Graphs Types and Components


Graphs Types and Components

 

Charts are the primary tool on which the technical analyst relies, and therefore the structure of charts must be clarified in more detail.

Looking at the following figure, you will be able to see that 

- The vertical axis that represents the price scale.

- The horizontal axis that represents the timescale.

- The movement of prices is displayed in different ways, as it includes several data (opening price, closing price, highest price, lowest price). 

 

The most popular bidding methods are:

  1. Line Chart
  2.  It is the simplest way to display quotes, as all data are reduced, and the graph relies on connecting closing prices in order to illustrate the price movement.

 

Price column

It is the most popular way to display price data (opening price, closing price, highest price, lowest price) at the Western School of technical analysis, but it retreats a lot in the face of the Japanese candlestick chart.

 

 Japanese Candlestick Chart.

It is the most popular method of presenting quotes at the present time, and it is the Japanese technical school method of displaying trading prices. It gives a vital picture of trading, and it has its own way of analyzing the trend and giving signals about upcoming movements.

We will discuss it in more detail later.

 

The previous three methods are the most popular methods of quotes display, which you will always find in all platforms that display charts for the purpose of analyzing them using technical analysis and its tools, but this is not all. There are dozens of methods for displaying trading prices, each method differs in terms of form and content, and the method of price analysis adopted according thereto.

Likewise, the structure of the graph may differ from one display method to another, and it represents synchronization in terms of time and price movement. However, it is only one aspect of the methods of market price display, where the way of quotes display is divided into two basic types, namely: -

  1. Time Series Chart
  2. Non-Time Series Chart

Time Series Chart

They are charts that consist of two main axes, the vertical axis, representing prices, and the horizontal axis, representing time, such as the three methods that we have previously presented (line chart, price columns, candlesticks)

This means that whatever the amount of change in price is, this movement is represented at the time of its occurrence, as we have previously explained that each Japanese candlestick represents one unit of the chosen time, and therefore presents to the technical analyst all price events regardless of the amount of movement, which shows in the graph the times when markets stop and when they are stuck in narrow price ranges.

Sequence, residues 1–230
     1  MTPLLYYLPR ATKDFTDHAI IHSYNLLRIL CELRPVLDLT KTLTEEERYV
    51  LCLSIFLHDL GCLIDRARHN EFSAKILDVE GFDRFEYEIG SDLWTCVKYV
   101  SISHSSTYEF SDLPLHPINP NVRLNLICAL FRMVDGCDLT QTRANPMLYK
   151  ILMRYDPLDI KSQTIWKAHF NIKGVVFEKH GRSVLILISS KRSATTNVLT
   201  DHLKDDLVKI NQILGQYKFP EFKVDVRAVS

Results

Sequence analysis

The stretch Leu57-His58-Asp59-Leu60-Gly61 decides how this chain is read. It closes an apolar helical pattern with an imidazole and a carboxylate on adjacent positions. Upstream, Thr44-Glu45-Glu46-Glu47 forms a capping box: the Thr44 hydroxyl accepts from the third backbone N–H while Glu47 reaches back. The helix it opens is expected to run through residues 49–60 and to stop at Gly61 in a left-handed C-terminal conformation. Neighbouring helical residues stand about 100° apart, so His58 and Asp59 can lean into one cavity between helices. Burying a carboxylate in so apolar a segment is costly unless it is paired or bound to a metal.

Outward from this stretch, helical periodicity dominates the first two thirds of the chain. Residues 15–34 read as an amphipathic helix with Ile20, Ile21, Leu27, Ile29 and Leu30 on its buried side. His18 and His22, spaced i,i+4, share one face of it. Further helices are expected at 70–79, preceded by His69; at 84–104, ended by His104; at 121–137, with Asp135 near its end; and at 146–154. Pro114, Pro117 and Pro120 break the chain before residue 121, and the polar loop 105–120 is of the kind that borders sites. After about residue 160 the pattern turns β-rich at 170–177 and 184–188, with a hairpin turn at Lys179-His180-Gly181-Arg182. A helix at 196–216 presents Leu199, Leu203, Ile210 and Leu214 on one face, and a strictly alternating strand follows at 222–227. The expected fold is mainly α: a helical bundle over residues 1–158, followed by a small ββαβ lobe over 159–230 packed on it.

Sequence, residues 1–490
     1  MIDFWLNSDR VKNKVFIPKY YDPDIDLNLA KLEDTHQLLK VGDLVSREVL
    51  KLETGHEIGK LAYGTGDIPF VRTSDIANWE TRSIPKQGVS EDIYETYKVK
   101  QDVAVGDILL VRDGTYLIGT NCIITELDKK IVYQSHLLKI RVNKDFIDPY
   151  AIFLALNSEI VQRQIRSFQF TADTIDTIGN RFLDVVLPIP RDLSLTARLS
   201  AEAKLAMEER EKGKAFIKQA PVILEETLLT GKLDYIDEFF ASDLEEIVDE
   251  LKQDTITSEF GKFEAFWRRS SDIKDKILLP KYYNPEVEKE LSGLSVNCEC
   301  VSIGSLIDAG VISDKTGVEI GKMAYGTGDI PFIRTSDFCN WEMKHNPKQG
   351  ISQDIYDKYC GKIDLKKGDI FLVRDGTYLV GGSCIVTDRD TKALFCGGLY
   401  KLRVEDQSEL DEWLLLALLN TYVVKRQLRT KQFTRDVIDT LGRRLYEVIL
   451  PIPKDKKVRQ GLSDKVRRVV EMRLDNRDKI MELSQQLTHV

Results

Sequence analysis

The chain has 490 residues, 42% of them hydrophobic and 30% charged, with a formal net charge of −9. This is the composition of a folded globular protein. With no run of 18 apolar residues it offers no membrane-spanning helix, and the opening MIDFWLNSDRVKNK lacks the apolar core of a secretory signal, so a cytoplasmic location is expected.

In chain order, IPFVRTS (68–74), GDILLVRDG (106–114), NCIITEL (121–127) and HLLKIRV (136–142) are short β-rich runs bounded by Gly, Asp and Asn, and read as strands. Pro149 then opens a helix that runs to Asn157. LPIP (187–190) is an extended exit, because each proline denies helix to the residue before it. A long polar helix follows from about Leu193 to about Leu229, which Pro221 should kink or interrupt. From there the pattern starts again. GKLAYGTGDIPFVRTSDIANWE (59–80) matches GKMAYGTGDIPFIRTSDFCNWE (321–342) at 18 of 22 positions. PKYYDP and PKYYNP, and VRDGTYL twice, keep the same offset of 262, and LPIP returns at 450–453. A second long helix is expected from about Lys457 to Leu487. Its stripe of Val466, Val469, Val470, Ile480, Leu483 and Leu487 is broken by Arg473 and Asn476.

1. Non-Time Series Chart

They are graphs that depend on the price side only, bypassing the horizontal axis of time, and the most famous of these methods are the Point and Figure method and the Renko Chart method,

in the sense that the graph does not show anything as long as the prices do not move by a specified amount. These methods of displaying quotes are characterized by relieving the technical analyst from all unimportant price movements that occur in the markets, and leaves him enough room to focus on important price movements.

The following figure represents a Renko chart for the Euro against the US Dollar, with a scale of 100 points per square, i.e. the graph only draws any price square when the price moves by 100 points.

The change in the graph structure does not include a change in the time axis only, as the price axis may also change, according to different price measurement methods, and there are two basic methods that are: -

  1. Arithmetic view
  2. Logarithmic view

Arithmetic view

It is the bid method in which the distance between the units is equal.

The following example shows the price of the US Dollar \ Swiss Franc pair. In the price scale, the vertical axis, the scale is written so that each price point represents 0.1, and the distance between all the price units is equal.

  1. Logarithmic view 

It is the method of displaying the price, whereby the percentage of increase in the distance between the price units decreases as the price increases, so that the proportionality between the units is maintained, i.e. the distance between 1 to 2 Pounds is the same as the distance between 5 to 10 Pounds, so that each of the two changes equals 100%.

The following example shows the price of the US Dollar\ Swiss Franc pair. In the logarithmic price scale, the vertical axis, the scale is written so that each price point represents a different number according to the price movement.

Usually, the logarithmic scale is preferred for looking at long-term charts, so the technical analyst can look at a graph with a significant change in values over a large period of time.

 

 


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